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BirdNote
Weekdays at 10:58 a.m.

BirdNote is an independent media production organization that brings joy, inspiration, and hope to millions of people around the world who value birds and the environment we share. BirdNote Daily is a two-minute show broadcast on over 250 public radio stations.

  • In 2014, the dams on the Elwha River in Washington State were removed. As the river ran free again, salmon from the Pacific were able to spawn upstream for the first time in 100 years, dramatically improving conditions for American Dippers. Recent research has demonstrated that birds with access to salmon have higher survival rates. And they are 20 times more likely to attempt to raise two broods in a season, the most important contributor to population growth.More info and transcript at BirdNote.org. Want more BirdNote? Subscribe to our weekly newsletter. Sign up for BirdNote+ to get ad-free listening and other perks. BirdNote is a nonprofit. Your tax-deductible gift makes these shows possible.
  • The feathers of a bird are, for their weight, among the strongest structures in the world. The bones of this Magnificent Frigatebird weigh less than its feathers! To further reduce weight while maintaining strength, many bird bones are fused. In addition, the pectoral and pelvic girdles and ribs are joined to make a rigid box that supports those long wings, just as the wings support the bird.More info and transcript at BirdNote.org. Want more BirdNote? Subscribe to our weekly newsletter. Sign up for BirdNote+ to get ad-free listening and other perks. BirdNote is a nonprofit. Your tax-deductible gift makes these shows possible.
  • There’s a bird in Cuba with plumage in blue, red and white — the same colors as the nation’s flag. The Tocororo, or Cuban Trogon, is the national bird of Cuba. When the Tocororo is kept in a cage, they often die. This fact has become a metaphor of freedom embraced by Cubans. The Cuban Trogon is a medium-sized bird often found in pairs. Its song sounds like its Spanish name, “Tocororo.” While el Tocororo is currently abundant, its population is declining due to loss of habitat. More info and transcript at BirdNote.org. Want more BirdNote? Subscribe to our weekly newsletter. Sign up for BirdNote+ to get ad-free listening and other perks. BirdNote is a nonprofit. Your tax-deductible gift makes these shows possible.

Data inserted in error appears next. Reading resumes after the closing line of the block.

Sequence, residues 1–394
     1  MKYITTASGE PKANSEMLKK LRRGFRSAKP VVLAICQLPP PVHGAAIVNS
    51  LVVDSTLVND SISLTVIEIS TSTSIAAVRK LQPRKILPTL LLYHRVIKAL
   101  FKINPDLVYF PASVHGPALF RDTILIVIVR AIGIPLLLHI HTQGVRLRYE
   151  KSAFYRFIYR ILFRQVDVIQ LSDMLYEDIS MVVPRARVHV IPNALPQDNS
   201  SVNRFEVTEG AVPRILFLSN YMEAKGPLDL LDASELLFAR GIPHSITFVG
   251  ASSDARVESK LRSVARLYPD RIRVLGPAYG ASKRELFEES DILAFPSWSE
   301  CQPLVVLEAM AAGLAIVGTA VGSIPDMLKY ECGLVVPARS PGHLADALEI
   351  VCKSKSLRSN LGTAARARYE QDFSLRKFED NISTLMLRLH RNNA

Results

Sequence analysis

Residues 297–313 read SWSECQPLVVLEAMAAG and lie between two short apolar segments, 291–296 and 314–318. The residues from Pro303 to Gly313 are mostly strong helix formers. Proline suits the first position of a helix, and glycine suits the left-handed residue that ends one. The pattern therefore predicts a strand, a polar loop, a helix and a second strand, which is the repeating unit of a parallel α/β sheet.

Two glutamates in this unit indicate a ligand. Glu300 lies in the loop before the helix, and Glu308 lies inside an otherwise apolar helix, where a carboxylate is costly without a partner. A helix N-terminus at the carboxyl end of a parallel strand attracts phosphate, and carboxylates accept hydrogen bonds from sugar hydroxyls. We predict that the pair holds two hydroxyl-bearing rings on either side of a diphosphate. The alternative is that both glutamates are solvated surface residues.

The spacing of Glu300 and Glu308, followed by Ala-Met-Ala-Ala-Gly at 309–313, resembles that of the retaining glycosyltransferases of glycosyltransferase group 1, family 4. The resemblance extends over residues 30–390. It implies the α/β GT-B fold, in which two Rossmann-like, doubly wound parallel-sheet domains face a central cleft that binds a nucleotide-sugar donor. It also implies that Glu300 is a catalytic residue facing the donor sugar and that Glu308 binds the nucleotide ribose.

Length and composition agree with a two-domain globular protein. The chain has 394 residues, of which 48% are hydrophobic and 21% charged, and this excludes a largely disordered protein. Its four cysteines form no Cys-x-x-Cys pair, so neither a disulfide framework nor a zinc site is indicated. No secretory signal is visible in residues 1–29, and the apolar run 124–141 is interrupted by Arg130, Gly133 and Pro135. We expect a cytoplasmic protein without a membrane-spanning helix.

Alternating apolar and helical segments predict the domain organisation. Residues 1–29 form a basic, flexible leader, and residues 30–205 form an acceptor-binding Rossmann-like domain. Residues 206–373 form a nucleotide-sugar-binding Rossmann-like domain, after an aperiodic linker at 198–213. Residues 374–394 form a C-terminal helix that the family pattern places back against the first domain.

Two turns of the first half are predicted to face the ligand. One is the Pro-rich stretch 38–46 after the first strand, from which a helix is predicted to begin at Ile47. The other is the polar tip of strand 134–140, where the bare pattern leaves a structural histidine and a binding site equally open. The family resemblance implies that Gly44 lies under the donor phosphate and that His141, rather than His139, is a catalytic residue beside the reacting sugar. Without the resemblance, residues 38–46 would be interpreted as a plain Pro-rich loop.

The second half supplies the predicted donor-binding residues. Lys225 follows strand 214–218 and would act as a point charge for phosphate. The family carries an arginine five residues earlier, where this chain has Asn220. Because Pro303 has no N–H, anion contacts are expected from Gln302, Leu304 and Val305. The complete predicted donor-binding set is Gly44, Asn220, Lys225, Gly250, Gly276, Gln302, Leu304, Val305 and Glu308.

• The White-throated Sparrow’s melancholy whistle is hauntingly beautiful. But when you hear an adult sparrow performing, just know that the bird wasn’t always an expert singer. In the fall, listen for White-throated Sparrows rehearsing their song. Inexperienced young birds sometimes begin with disorganized jumbles of notes known as sub-songs. As winter deepens, the first-year birds begin to get the syllables of their songs down, but they might sound shaky and off-key. But by summer, hopefully, all the new adult birds will be virtuosos.More info and transcript at BirdNote.org. Want more BirdNote? Subscribe to our weekly newsletter. Sign up for BirdNote+ to get ad-free listening and other perks. BirdNote is a nonprofit. Your tax-deductible gift makes these shows possible.
  • The cheerful-voiced Chestnut-collared Longspur shares its northern prairie breeding range with grazing cattle. Although heavy grazing can have adverse effects, breeding densities of longspurs jump by two, three, or even 10 times when ranchers graze their cattle responsibly on native prairies. Two centuries ago, the birds were probably more abundant on prairies used by bison than on untouched stands of tall grass.More info and transcript at BirdNote.org. Want more BirdNote? Subscribe to our weekly newsletter. Sign up for BirdNote+ to get ad-free listening and other perks. BirdNote is a nonprofit. Your tax-deductible gift makes these shows possible.